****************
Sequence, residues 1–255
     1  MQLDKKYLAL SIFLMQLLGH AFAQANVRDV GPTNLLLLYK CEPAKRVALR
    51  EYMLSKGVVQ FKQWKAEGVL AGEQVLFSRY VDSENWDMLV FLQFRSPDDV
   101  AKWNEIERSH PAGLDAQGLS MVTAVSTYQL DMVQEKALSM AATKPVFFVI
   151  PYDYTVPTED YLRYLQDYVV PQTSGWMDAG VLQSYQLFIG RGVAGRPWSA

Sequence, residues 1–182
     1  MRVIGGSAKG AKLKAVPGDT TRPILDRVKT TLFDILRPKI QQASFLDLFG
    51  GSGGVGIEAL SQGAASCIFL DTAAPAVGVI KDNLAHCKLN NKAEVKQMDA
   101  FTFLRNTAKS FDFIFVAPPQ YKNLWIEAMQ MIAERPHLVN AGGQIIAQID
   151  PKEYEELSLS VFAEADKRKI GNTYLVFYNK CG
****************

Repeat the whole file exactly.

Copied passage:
Sequence, residues 1–255
     1  MQLDKKYLAL SIFLMQLLGH AFAQANVRDV GPTNLLLLYK CEPAKRVALR
    51  EYMLSKGVVQ FKQWKAEGVL AGEQVLFSRY VDSENWDMLV FLQFRSPDDV
   101  AKWNEIERSH PAGLDAQGLS MVTAVSTYQL DMVQEKALSM AATKPVFFVI
   151  PYDYTVPTED YLRYLQDYVV PQTSGWMDAG VLQSYQLFIG RGVAGRPWSA

Sequence, residues 1–182
     1  MRVIGGSAKG AKLKAVPGDT TRPILDRVKT TLFDILRPKI QQASFLDLFG
    51  GSGGVGIEAL SQGAASCIFL DTAAPAVGVI KDNLAHCKLN NKAEVKQMDA
   101  FTFLRNTAKS FDFIFVAPPQ YKNLWIEAMQ MIAERPHLVN AGGQIIAQID
   151  PKEYEELSLS VFAEADKRKI GNTYLVFYNK CG